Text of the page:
Fianna Fáil has launched a new policy document on the Arts, entitled “Arts for All“. The policy will seek to give the independence and space to the arts community to flourish without political interference. It also states that funding to the arts will be put on a sustainable footing with multi-annual funding and a commitment not to reduce the arts budget if the Party returns to Government.
Publishing the document, Spokesperson for the Arts, Heritage and the Gaeltacht, Seán Ó Fearghaíl TD stated, “There is huge potential for the development of the Arts sector as the economy recovers. Our Arts policy is called “Arts for All”. We believe that policies must be pursued at a local and national level, to ensure that all communities are afforded the opportunity to engage in arts projects and performances. If we secure increased community participation in the arts, we will see a corresponding increase in public and political support for the sector. This in turn will see audience numbers grow, and should ultimately make it more sustainable for artists to make a living from their passion.
“Our first commitment to the Arts is to ensure that political interference is kept to a minimum and to ensure that our National Cultural Institutions are not subjected to the abuse which was witnessed during the McNulty controversy last year. Our National Cultural Institutions, as custodians of our historical artifacts, art and culture on behalf of the citizens of Ireland must be treated with the respect they deserve in their governance, board membership appointments and funding. We commit to treating them with the respect they deserve and will endeavour to ensure that the funding they receive allows them to continue the excellent work they do.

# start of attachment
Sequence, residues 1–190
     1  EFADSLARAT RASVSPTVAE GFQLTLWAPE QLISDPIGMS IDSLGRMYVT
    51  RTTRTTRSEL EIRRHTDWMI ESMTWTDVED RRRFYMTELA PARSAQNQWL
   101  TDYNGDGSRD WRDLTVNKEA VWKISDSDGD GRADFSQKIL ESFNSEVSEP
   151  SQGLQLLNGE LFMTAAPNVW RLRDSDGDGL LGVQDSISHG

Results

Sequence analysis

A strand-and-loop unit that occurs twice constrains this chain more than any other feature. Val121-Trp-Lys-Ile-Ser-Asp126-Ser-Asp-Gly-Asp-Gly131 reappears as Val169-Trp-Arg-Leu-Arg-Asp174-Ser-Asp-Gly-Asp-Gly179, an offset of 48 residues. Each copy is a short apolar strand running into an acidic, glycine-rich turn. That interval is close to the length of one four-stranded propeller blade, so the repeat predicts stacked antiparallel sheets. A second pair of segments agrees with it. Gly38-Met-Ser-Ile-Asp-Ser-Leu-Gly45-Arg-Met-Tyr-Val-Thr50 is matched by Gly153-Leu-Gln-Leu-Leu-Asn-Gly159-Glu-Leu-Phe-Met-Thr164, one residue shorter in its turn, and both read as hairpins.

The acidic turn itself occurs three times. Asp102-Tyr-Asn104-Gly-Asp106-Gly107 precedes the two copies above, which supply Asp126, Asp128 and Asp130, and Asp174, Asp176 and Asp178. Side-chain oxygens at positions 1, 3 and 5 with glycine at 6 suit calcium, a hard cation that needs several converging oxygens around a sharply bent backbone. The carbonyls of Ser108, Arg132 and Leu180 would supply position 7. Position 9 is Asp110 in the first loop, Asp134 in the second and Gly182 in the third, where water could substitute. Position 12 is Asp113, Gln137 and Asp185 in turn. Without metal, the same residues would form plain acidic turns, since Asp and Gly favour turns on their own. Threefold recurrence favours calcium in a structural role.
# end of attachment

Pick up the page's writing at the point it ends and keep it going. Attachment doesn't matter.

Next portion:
“We also commit to ensure that the allocation of funding in the arts is done in a fair and accountable manner. While Limerick City of Culture has turned out to be a great success the way in which the decision was made to award Limerick the City of Cultural initiative should never happen again. Similarly, Arts Council funding must be awarded with the highest of integrity. To do otherwise would undermine public support and confidence in the allocation for the arts which could damage the whole sector.
“This document sets out an arts policy that recognises an already developed arts infrastructure at national and local level, and seeks to build on previous investment and expertise to clearly connect planning and funding of national and local arts”.
A copy of the document can be found at www.fiannafail.ie/arts